The first model. There was also a Six MKII which can be considered the same. These are fixed back, knob+lever wind, only needs a single forward turn to cock shutter / wind film. The mirror is a non-return type (i.e. wind the film to see again).


Very similar to the Six but has additional multiexposure capability and mirror lock-up.



This has interchangable backs. The backs have an automatic "darkslide" so there is no darkslide to lose / forget to fit etc. This model lost the mirror lock-up capability, but still has multiexposure. The ground glass in the Super66 is larger and so shows >= 96% of what is on the film vs about 93% for the six/sixMM.

I found the prices for spare backs to be quite high. So for the price of a Super66 + 2 backs I was able to get the Six, and SixMM. This gives me a spare body, and weight only a little more.

Problems with the Kowas

1) There is no B setting. This is due to the shutter release coupling between body and lens. Instead they provide a "T" which is not a true T as the shutter release opens the shutter which must then be closed using the shutter speed ring. In use I cover the lens front with a dark cloth and then turn the speed ring to stop vibration spoiling the image.

2) The Super66 backs cannot be changed easily while on a standard tripod QR plate. Kowa made a special spacer, or a small tripod head will clear the back.

3) Make sure and backs have the plastic dust cover. This not only stops dust getting in but stops the gears being accidentally turned (so stopping back swapping problems / film advance problems).

4) There is a clutch with disengages the "shutter cock / mirror drive". With rough handling this can become damaged. Check for this before buying (see below). Always advance the film sedately. The clutch is damaged when forcing the advance or when winding too quickly (it does not have time to fully disengage before the gears turn another tooth).


Good points:

1) Leaf shutters. Nice and vibration free. If you are super critical about sharpness then either get a SixMM with the mirror lock-up or use the self timer which trips the mirror immediately then fires the shutter after the delay. This was one of my main reasons to go with Kowa.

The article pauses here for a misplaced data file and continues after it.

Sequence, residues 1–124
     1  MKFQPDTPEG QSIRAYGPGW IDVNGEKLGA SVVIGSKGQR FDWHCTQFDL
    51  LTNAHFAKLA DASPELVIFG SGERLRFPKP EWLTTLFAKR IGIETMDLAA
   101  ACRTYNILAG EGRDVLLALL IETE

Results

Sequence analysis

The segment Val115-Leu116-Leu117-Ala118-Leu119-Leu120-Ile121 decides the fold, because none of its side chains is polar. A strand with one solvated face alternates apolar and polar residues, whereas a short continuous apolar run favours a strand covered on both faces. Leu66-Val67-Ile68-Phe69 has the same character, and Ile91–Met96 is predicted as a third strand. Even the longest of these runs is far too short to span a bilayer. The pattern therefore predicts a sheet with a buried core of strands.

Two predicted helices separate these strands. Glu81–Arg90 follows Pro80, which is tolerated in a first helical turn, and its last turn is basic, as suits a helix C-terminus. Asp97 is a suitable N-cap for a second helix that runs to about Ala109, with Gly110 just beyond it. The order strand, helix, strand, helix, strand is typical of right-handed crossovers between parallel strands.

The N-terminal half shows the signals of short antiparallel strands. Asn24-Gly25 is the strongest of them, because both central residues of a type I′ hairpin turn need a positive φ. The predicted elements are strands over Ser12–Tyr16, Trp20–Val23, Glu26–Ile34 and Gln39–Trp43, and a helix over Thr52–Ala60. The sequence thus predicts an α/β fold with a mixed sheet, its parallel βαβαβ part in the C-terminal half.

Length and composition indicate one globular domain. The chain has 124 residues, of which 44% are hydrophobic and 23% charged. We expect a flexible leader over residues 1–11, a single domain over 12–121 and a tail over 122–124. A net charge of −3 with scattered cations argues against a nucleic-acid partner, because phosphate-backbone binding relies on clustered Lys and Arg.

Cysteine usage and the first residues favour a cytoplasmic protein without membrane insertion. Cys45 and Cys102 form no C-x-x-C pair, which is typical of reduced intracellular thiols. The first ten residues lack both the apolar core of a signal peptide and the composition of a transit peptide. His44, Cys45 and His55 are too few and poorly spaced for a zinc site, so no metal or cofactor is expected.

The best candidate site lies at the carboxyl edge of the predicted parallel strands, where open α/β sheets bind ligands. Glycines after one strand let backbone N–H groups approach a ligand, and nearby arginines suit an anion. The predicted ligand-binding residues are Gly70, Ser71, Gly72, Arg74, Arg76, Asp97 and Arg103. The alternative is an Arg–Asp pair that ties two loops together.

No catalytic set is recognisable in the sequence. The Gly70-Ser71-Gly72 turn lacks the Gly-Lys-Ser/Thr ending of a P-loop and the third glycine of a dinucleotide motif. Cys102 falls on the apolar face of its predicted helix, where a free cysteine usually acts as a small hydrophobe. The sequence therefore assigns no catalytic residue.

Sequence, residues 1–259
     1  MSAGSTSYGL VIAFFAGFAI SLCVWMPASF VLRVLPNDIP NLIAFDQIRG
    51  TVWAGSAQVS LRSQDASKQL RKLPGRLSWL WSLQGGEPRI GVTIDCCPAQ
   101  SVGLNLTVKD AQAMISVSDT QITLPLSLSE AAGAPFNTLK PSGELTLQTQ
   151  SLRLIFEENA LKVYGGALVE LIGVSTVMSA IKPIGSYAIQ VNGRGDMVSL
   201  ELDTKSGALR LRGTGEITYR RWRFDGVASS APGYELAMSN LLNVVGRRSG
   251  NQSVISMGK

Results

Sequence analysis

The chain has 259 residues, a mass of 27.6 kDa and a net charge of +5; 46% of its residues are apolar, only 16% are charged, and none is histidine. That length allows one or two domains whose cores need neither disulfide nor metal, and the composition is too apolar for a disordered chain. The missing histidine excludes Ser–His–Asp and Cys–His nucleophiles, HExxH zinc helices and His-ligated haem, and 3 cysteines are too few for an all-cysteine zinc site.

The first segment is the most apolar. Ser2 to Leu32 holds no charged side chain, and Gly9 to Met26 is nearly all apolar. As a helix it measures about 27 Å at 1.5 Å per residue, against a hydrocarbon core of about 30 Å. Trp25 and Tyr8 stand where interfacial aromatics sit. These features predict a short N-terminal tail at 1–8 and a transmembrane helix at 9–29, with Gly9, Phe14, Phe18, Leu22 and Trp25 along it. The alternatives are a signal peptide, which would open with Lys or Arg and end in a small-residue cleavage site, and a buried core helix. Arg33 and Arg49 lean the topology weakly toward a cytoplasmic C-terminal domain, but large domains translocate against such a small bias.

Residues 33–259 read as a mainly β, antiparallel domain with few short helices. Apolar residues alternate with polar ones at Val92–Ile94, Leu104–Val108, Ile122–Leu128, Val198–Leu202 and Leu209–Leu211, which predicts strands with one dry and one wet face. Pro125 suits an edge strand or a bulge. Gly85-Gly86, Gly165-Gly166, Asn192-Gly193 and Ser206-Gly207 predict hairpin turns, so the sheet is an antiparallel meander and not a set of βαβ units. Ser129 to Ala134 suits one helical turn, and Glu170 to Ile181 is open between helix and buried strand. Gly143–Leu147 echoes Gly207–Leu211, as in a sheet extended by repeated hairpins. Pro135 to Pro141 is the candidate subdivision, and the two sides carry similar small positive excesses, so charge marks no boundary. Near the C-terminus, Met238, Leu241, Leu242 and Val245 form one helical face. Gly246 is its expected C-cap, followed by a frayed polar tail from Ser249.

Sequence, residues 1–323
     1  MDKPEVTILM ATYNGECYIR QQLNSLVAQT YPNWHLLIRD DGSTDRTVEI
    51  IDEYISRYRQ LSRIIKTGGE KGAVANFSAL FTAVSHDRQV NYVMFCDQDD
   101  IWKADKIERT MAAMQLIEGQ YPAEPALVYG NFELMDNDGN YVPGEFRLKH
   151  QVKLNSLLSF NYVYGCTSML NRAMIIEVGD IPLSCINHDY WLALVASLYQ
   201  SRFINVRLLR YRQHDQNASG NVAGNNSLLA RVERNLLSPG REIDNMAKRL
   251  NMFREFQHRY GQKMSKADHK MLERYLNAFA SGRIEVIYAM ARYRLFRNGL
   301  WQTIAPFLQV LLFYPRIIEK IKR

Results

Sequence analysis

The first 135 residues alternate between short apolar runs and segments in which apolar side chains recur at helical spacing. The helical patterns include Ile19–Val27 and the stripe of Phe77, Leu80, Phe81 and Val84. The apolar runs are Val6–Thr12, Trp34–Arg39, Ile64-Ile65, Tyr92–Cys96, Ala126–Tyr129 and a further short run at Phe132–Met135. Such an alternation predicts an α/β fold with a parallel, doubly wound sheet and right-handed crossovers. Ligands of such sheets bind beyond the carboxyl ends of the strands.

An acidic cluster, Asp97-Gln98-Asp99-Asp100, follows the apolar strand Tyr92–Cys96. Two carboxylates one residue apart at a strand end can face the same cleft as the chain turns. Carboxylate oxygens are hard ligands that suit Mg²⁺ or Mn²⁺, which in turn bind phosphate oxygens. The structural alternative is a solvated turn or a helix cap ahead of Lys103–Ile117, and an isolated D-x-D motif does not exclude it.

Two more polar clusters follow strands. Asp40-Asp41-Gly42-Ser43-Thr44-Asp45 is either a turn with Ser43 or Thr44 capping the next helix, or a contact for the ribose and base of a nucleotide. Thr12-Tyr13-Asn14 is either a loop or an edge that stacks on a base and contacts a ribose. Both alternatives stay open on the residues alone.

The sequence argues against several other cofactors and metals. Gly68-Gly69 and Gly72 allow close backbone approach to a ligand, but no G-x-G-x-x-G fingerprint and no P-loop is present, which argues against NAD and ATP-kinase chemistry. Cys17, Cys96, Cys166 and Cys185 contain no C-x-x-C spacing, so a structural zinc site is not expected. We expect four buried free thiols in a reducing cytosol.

2) Excellent mirror dampening. Shooting handheld or without mirror lockup showed far less vibration than other old 6x6 SLRs I tried.

3) Low cost. I have a Six and SixMM body, 55mm, 85mm, 110mm macro, 150mm, 250mm, closeup tubes, 90degree prism. All in well used but fully functional condition. Total cost less than a Rolleiflex 2,8F. (There some rollei content).

Special checks when buying

Apart from the usual camera checks also look at:

1) Operate the camera with lens on. Preferably run a test film. Look for two problems here. One is any "gear grinding noises " when advancing the film, especially just as the mirror hits the stop. The second is any mis-operation of the mirror. If someone tried to force the lens off with the shutter not cocked the mirror can be forced past the end of the cam. This will be very obvious when you try to advanvce the film as the knob will either not turn far enough or will be really hard to get to the end.

2) Fire the shutter with the lens off (and no film). Make sure the film shutter flap has gone fully up (it should be above the lens hole). This is unlikely to occur, but if an amateur repairer has been inside they could have got the sequencing out. When firing the shutter without lens be sure to keep you fingers out of the camera, and away from the shutter cocking ring.

3) Film does not stop advancing. Yes you do need film to test this.